The current Screen Actors Guild (SAG) and Writers Guild of America (WGA) strikes, as well as public reaction to experiments in content creation from Infinite Seinfeld to Showrunner AI’s artificially created South Park episode, highlight that just because we believe in increasing AI ability, AI appetites are still variable. We seemingly want to believe that the things we love and the emotions they evoke are the domain of other humans to stir, even if technology is rapidly advancing to challenge this.
The ability of AI to sell has been accepted and, as our data shows, is relatively positive – however emotive advertising and storytelling involving beloved characters and humans is going to be a minefield. As more than one marketer is potentially considering AI created Christmas ads in the UK or Super Bowl ads in the US right now, nuance and human editorial oversight will be persistent considerations.
Brands adapting to AI need to act like APIs
Our research shows that consumer and marketer fears around AI center on fake content, impersonation and ownership of both brand and personal image. In an age where anything is increasingly possible and created with ease, as creativity is augmented with technology, decreasingly less can be held as true quickly. The ability to police personal likeness or brand assets is a shared challenge for both consumers and marketers which technology will seemingly need time to catch up on. Intel’s recent Cannes success with its deepfake detection campaign, shows the opportunity for technology and content brands to help augment verification.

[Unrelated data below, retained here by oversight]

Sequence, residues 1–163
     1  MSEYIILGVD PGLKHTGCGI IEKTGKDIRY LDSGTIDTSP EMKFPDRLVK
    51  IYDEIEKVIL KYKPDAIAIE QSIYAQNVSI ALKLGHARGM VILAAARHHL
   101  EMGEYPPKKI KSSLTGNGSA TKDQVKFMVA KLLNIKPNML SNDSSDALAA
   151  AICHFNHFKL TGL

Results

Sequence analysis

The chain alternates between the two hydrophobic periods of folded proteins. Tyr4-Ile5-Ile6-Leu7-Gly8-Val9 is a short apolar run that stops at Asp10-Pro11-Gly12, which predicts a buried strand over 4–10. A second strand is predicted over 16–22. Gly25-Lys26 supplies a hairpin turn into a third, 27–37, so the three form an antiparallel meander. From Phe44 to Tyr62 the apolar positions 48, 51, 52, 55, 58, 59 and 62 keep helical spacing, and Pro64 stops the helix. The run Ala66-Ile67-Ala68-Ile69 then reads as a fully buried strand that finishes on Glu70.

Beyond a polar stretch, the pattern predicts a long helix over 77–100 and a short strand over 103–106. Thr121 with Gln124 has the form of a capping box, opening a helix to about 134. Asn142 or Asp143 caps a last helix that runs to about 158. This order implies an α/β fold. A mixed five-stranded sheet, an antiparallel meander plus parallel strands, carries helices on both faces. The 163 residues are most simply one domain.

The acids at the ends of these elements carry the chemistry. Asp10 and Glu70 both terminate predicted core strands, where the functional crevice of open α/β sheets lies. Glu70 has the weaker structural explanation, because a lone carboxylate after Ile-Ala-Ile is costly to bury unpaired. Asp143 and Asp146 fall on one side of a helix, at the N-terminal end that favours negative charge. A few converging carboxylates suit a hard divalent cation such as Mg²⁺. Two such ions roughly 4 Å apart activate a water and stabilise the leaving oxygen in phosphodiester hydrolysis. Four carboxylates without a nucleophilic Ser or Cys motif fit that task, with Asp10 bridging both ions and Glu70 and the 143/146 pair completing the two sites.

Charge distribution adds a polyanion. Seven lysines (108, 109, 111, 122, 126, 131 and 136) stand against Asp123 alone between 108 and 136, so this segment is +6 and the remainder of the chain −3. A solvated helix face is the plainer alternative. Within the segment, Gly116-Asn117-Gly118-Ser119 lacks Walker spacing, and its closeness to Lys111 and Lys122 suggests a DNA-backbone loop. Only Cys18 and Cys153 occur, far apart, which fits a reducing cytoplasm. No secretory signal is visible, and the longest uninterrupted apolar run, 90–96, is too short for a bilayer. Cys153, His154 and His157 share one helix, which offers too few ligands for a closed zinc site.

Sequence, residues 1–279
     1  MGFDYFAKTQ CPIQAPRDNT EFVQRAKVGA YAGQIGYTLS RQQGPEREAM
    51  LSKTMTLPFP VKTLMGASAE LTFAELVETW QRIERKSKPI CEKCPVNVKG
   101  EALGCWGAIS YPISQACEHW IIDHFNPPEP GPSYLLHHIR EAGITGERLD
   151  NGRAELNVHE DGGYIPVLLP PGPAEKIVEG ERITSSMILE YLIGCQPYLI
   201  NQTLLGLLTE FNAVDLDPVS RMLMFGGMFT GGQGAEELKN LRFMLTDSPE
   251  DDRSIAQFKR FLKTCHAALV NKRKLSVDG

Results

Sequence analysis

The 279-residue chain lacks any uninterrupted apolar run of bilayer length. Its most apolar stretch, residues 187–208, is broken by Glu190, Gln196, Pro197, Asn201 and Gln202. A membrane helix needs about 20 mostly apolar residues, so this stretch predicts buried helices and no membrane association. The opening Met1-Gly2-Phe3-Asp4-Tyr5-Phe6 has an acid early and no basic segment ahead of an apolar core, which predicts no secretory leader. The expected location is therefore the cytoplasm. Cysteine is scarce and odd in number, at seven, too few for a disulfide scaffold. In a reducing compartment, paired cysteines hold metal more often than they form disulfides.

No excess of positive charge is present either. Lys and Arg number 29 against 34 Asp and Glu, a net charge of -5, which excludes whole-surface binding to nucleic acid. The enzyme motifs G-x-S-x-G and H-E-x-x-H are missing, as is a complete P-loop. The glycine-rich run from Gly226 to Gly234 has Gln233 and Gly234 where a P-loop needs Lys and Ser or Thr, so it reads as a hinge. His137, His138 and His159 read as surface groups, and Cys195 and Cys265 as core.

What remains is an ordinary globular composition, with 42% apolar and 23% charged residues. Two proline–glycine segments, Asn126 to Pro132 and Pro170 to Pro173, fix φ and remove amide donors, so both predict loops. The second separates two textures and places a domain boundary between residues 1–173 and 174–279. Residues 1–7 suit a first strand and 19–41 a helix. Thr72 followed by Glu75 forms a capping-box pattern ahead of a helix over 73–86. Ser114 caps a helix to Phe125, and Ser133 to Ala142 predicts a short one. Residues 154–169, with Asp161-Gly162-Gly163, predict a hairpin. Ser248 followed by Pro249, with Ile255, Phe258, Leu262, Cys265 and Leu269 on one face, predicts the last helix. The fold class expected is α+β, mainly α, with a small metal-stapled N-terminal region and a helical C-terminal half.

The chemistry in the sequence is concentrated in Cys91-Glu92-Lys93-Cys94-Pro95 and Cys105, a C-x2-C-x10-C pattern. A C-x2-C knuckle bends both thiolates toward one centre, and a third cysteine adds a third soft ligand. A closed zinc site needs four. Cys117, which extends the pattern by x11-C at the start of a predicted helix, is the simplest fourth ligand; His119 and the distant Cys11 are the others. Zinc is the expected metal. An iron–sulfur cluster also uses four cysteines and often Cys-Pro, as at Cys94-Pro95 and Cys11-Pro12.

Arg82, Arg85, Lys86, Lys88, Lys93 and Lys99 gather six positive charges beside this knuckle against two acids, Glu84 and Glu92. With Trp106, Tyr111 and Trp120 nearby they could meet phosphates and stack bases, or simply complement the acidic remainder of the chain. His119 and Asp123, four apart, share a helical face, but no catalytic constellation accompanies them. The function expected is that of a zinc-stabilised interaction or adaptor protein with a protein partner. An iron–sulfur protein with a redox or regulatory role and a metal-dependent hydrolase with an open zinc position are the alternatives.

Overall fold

However, holding back the tide of augmented creation and the negative of fake content is increasingly unlikely on its own. Instead, working in concert with emerging verification technologies brands need to increase the availability of desired assets, outputs and content. We believe structuring how you go to market and interface with technology and culture in the coming years requires brands to think like Application Programming Interfaces or APIs.
APIs are all around us online, allowing developers to work within a structure to easily obtain, use and build experiences on top of data and content. APIs allow for freedom within a widely defined boundary and brands must adopt a similar ethos. Considering how different audiences in culture want to interface with a brand and how to serve the correct content is already a bedrock of culturally relevant brands.
As AI use increases, considering how to serve and structure brand assets and contents towards the AI platforms will become a differentiator for how the technology creates content within a brand. As the prominence of Gucci or Wes Anderson’s style within Midjourney illustrates, where prompts mentioning either have a very distinct identity applied to generated images – brands which use their identity to influence the models underpinning AI will have a better chance to maintain what they stand for in a sea of content generated about them. AI is guided by the data behind it and brands, as owners of swaths of content and data, have a unique opportunity to influence how they show up in many cases beyond online policing, if they can interface with this emerging technology correctly.
Rival’s full Rival Spark research report on Generative AI is available here.